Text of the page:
DOJ Study: Death Penalty Not a Guaranteed Death Sentence
One of the biggest deterrents for people not to commit murder–besides of course, moral reasons—is knowing that they could potentially get the death penalty. However, a recent review of capital punishment figures by the Department of Justice (DOJ) shows that if you’re convicted of capital murder, the odds are in your favor that you will never be executed.
The DOJ’s Bureau of Justice Statistics (BJS) found that of the 8,466 prisoners who were sentenced to death between 1973 and 2013, only 1,359 (16 percent) of them were executed. So what’s happening to the other 84 percent of death row inmates? Well, for most, their sentences are being overturned on appeal and amended to lesser penalties.
Here’s a more detailed look into some of the findings:
- Between 1973 and 2013, 8,466 prisoners were sentenced to death.
- However, 3,194 prisoners had their death penalty sentences overturned on appeal. Of those, 523 convictions no longer stood because the law they were based on was declared unconstitutional, 890 had their conviction overturned, and 1,781 were still declared guilty but no longer sentenced to death.
- During those years, 509 died on death row from other causes.
- An additional 392 had their sentences commuted to life in prison by a governor.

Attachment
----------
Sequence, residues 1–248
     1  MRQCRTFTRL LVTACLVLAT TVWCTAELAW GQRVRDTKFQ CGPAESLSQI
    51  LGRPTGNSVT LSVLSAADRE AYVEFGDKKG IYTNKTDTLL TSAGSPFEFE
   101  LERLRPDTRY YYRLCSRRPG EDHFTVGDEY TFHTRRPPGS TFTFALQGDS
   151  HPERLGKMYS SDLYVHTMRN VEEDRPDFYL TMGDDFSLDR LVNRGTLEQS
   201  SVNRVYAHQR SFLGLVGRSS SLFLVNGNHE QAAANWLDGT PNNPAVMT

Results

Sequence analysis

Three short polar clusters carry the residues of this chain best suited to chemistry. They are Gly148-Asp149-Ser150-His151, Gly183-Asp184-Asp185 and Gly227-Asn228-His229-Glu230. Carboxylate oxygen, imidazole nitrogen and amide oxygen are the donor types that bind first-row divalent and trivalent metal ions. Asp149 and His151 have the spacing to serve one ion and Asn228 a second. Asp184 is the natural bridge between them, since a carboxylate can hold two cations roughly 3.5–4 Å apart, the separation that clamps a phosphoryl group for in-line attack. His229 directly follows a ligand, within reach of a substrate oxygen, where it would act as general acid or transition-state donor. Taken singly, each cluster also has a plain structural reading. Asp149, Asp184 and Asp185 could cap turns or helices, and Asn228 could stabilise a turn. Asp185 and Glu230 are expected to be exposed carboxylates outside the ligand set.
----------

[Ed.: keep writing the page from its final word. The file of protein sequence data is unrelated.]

- There were 33 who weren’t put to death for other miscellaneous reasons.
- As of December 31, 2013, 2,979 still remain on death row.
According to the Washington Post,
But by far the most likely outcome of a U.S. death sentence is that it will eventually be reversed and the inmate will remain in prison with a different form of death sentence: life without the possibility of parole.
Opinions on capital punishment have long been a divider between people weighing its moral ramifications against the old “eye for an eye” argument. Many find themselves picking a side based on stereotypical party lines: Republicans tend to be in favor of the death penalty and Democrats trend against. However, party allegiance doesn’t seem to be a factor in who is overturning these cases. According to the Washington Post:
Both Republican and Democratic appointees have voted to overturn these convictions because they so often involve such issues as evidence withheld from the defense, improper instructions to the jury, or other serious flaws in the original trials.
As a whole, these findings are good news for anyone in trouble with the law, but slightly unnerving when examining how our justice system works. The BJS review could end up being fuel for death penalty opposers to show its ineffectiveness, as death row inmates are actually three times more likely to see their sentences overturned or lessened on appeal. Regardless, a debate over the death penalty, particularly as states like Utah weigh new methods of execution, certainly needs to take into account the infrequency with which it is actually implemented.